Rs 28 wage hike for workers

Dilmah estate owner to deliver lecture at Tocklai

  • Published 31.07.15

Jorhat, July 30: The Assam government today proposed to increase the wages of tea labourers by Rs 28.5 from the existing Rs 115 to Rs 143.50.

A draft proposal issued by the labour and employment department stated that the hike would be exclusive of benefits given in kind to a plantation worker, which is estimated to Rs 177.19 per day.

The proposal has directed the tea industry to furnish objection/suggestion to the labour department within two months. "All the plantation workers shall be entitled to the benefits given in kind as estimated, including food stuff at a discounted rate," the notification stated.

The government notification comes at a time when the tea industry is of the view that it will be in "acute discomfort" if there is an abnormal rise in tea workers' wages next time, as prices have not kept pace with rising costs.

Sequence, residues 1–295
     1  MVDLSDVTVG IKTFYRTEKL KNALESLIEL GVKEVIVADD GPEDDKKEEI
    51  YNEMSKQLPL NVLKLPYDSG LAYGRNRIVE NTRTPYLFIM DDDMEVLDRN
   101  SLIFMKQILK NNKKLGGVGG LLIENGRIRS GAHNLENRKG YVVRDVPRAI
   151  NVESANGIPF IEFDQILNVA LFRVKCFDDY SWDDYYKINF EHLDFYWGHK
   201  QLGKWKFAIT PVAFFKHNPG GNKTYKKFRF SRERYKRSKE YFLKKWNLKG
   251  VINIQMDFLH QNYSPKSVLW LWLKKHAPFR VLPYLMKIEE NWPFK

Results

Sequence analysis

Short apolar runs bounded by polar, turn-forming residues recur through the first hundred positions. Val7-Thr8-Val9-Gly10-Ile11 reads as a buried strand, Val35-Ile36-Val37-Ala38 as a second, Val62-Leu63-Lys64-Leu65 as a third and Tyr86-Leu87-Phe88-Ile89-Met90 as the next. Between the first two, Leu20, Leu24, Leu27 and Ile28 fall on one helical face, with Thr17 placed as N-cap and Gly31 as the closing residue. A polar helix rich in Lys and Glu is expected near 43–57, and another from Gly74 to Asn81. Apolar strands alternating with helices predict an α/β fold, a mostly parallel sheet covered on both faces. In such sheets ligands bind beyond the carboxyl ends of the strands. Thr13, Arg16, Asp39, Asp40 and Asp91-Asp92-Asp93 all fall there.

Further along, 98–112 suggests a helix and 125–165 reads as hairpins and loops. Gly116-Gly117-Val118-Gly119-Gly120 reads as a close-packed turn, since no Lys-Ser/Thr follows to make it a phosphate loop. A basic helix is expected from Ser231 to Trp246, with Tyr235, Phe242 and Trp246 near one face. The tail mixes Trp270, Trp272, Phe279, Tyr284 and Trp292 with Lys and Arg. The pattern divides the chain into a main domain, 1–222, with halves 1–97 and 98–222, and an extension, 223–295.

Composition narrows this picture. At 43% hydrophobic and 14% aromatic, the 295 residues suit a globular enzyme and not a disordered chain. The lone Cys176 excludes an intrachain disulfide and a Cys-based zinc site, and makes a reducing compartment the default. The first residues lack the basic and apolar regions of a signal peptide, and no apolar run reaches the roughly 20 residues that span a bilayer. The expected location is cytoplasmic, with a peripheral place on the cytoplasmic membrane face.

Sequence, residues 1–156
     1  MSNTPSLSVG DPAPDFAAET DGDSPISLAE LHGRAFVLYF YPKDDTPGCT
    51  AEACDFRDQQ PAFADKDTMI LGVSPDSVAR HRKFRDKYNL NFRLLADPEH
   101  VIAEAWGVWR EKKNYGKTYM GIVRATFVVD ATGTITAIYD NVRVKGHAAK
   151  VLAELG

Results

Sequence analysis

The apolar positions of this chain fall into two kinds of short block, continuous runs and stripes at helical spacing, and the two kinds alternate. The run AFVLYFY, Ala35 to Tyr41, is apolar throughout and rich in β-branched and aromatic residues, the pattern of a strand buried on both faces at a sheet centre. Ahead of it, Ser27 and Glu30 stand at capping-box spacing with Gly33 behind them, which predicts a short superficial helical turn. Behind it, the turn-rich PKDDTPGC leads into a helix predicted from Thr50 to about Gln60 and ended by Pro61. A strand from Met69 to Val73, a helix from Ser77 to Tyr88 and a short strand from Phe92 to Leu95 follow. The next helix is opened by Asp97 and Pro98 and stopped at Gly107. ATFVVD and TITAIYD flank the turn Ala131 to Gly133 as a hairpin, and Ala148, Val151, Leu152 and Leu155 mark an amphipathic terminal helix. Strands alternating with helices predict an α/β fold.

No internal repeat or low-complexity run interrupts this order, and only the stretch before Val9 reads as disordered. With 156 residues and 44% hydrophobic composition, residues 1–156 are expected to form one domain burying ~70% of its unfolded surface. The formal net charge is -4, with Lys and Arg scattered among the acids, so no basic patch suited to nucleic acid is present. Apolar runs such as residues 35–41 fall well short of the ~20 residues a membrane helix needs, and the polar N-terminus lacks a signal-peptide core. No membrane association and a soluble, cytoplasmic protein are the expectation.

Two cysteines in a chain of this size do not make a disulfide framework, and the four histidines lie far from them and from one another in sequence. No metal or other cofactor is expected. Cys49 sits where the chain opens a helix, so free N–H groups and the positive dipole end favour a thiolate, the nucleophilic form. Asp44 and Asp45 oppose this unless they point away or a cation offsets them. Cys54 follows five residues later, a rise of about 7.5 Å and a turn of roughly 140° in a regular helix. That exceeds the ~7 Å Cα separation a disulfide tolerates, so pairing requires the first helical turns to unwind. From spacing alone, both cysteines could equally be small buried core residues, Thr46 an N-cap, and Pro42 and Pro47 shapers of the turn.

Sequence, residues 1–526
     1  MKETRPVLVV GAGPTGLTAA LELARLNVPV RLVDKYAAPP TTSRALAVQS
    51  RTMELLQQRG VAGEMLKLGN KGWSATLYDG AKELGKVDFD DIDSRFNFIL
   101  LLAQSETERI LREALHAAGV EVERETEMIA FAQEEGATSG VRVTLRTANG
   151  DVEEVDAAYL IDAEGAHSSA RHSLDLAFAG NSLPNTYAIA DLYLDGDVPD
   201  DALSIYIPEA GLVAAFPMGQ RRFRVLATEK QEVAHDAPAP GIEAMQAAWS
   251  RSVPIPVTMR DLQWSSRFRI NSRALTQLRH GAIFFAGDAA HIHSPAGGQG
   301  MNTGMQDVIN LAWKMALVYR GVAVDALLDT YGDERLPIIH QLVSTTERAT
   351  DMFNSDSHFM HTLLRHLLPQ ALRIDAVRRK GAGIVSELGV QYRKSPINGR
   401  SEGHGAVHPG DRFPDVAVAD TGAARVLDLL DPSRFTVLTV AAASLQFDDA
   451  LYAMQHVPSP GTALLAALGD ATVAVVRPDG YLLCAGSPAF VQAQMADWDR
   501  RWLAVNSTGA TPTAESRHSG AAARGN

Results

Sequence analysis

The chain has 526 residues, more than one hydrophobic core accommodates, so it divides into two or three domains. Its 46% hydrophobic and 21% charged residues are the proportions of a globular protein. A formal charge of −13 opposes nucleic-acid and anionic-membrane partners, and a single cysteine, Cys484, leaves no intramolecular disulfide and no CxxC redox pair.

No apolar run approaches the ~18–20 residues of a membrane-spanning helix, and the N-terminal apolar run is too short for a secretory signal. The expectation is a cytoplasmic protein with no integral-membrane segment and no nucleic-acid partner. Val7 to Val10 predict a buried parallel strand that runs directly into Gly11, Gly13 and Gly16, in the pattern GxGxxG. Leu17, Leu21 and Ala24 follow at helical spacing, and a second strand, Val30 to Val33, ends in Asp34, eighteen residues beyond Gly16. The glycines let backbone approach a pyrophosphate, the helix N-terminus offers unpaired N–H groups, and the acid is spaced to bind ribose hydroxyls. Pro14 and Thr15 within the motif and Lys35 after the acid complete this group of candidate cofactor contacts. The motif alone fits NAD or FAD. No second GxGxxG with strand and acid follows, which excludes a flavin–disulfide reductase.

The cost of production is now Rs 170.23, which will rise to Rs 188.49 by 2017 when the present wage agreement expires.

"The industry will be staring at very high levels of discomfort if the wages are increased substantially," an industry official said.

A senior official of Indian Tea Association said the industry would move accordingly and submit its views as the notification provides a two-month window to make submissions.

At present, the total cost of employment and the effective package paid out to a worker, which comprises both cash and in-kind benefits, is Rs 249.08 per day.

The tea industry has recently revised the wages payable from January 1 through a settlement.

The official said the high cost of production of the tea industry has been hurting its competitiveness. In the cost structure, 80 per cent of the total costs are fixed in nature with little scope for reduction.

Input costs have significantly gone up in electricity, coal, plant protection chemicals and now irrigation.

The industry has been receiving power at a level of 30 to 55 per cent of requirement compelling dependence on self-generation at a high cost.